Sunday, November 18, 2012
The story of us
During my senior year of college, I was massively burnt out.
I had spent three years obsessively studying physics, biology, and chemistry for a pre-med major I gave up at the last minute. I was an editor at my university's newspaper. I had a boyfriend who consumed every waking minute of my free time.
So, by my second semester of senior year, I just didn't give a damn anymore. I was tired.
I skipped classes. I barely turned assignments in on time. Sometimes, I didn't even bother turning them in at all. I hated school and I wanted it to be over.
I was also immensely disappointed with my American Literature class. I expected the reading assignments to include Emily Dickinson, Edgar Allan Poe, and John Steinbeck. Instead, my professor dug up dry, boring novels by no-name authors. It was a complete snoozefest.
One afternoon, I was lounging at my college newspaper house and decided to go to my American Literature class. I had skipped two in a row, and figured it might be good to catch up.
As soon as I got to class, a realization hit me like a ton of bricks. I had a book review presentation that day! Holy shit. I hadn't even read the book I was assigned! And it was some random book from the 1970s that wasn't even well-known. Every student in class had been assigned a different book, so it wasn't like I could quickly ask someone to fill me in either.
With three minutes remaining, I ran down the hallway into the computer lab. I googled the book, finding nothing but a very short summary on Amazon. There wasn't even a customer review on the novel, it was so obscure. Fuck, fuck, fuck!
When I rushed back to class, my mind was racing. Should I pretend to be sick and bail out? But I've already missed so many classes! I'll just have to wing it.
There were three students who had presentations ahead of mine. They each took about ten minutes and afterwards, when it was time for the class to ask the presenter questions, nobody raised their hand. I was relieved. At least I wouldn't have to answer any questions about the book!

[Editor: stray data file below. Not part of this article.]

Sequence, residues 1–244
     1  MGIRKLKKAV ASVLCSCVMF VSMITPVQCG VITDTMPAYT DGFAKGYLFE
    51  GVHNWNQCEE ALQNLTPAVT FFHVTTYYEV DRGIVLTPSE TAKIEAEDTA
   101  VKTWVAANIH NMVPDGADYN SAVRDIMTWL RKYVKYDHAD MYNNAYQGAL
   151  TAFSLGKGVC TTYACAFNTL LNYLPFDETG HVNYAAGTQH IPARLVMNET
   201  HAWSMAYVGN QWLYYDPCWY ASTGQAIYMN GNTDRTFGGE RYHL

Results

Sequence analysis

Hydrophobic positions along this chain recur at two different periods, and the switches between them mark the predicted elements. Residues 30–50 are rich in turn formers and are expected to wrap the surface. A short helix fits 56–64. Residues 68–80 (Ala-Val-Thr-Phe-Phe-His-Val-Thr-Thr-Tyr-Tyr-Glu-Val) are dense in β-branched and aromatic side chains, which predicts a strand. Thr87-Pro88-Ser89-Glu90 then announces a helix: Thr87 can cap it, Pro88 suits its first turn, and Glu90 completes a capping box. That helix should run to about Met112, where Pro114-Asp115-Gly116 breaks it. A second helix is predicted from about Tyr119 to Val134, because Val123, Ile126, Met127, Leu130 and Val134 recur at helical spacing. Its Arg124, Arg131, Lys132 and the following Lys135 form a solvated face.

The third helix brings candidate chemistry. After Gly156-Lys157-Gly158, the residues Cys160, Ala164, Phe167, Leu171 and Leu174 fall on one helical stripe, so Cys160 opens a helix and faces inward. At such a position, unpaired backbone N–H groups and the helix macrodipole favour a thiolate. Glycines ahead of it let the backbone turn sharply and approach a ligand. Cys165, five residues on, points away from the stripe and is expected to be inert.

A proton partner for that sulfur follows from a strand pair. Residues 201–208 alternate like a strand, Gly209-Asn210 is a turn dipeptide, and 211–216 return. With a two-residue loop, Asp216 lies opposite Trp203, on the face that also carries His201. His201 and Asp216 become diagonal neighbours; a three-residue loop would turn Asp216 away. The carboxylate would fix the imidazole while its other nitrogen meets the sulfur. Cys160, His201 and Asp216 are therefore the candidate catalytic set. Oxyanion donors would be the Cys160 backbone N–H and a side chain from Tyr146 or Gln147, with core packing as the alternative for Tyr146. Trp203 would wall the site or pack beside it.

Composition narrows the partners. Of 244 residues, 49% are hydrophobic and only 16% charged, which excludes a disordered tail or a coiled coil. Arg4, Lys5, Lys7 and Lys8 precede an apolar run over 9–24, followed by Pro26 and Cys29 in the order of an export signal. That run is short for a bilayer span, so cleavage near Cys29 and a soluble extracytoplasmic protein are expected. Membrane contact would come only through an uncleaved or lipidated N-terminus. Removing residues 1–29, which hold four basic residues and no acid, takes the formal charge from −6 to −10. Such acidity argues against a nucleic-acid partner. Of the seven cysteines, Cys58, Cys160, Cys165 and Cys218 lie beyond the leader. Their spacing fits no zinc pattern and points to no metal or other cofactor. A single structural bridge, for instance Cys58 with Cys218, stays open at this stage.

Finally, it was my turn.
I got up to the front of the room and cleared my throat. Staring at the class, it hit me that I was wearing pink flannel pajama pants and a glittery shirt that read, "Boys come and go, but diamonds are forever." I wanted to die.
I held up my brand new copy of the book, which I had thankfully dug out of my backpack minutes earlier.
"I have never been more haunted by a book, than I have with this one novel," I lied. "The tragedies the main character, David, faced were astounding, to say the least."
I glanced over at my professor. She nodded encouragingly.
"This story is a lesson on courage, strength, and honesty," I continued. "David went through so, so much. He encountered struggles most of us can't even fathom. He was consumed by the choices he had to make."
My professor pumped her first up in the air.
"Yes!" she exclaimed from the back of the room. "'Consumed by his choices'! That was brilliantly stated, Jennifer. Perfect!"
I smiled weakly.
"Um, I found myself feeling torn inside, trying to come to terms with how he dealt with his struggles and all the important people he faced in his life," I said. "And there were so many people who stood in his way. David really overcame a lot of obstacles."
I had no idea if this was true, or made any sense. My classmates stared at me, oblivious. They hadn't read my book, so as far as they knew, I wasn't just making shit up. I relaxed.
"So, does anyone have any questions?" I asked quickly, starting to walk to my seat.
A good-looking boy in the front row raised his hand. I froze and then walked back up to the front of the room.
"What?" I asked wearily. None of the presenters before me had to answer any questions! What the hell.
"You didn't mention anything about the Vietnam War," the boy said. "I was curious as to why."
I stared at him blankly. Was my book about the Vietnam War? Wait, how did he know this? Did he actually read my book?!
"If you listened to my entire presentation, you would have known that the Vietnam War was exactly what I was talking about," I responded, coolly. "The war was the struggle to which I was referring. Now does anyone else have any more questions?"
I started to walk to my seat.
He raised his hand again.
I glared at him.
"What." I said, frostily.
"I've read passages of this book in the past, and I found the scenes with Michael most interesting," he said. "Didn't you find him a bit abrasive, especially after he saves David's life?"
I closed my eyes. This was not happening. Who the hell was Michael? Amazon didn't mention that shit.
"Abrasive might be a harsh word," I said, condescendingly to him. "If you had read the entire book, you would understand. But I guess you didn't."
The boy looked at me, startled and confused. I smiled patronizingly and walked straight to my seat, without even bothering to ask if there were more questions.
I ended up getting an A on the presentation.
And six years later, Rian would admit that the moment I first glared at him was when he fell in love with me.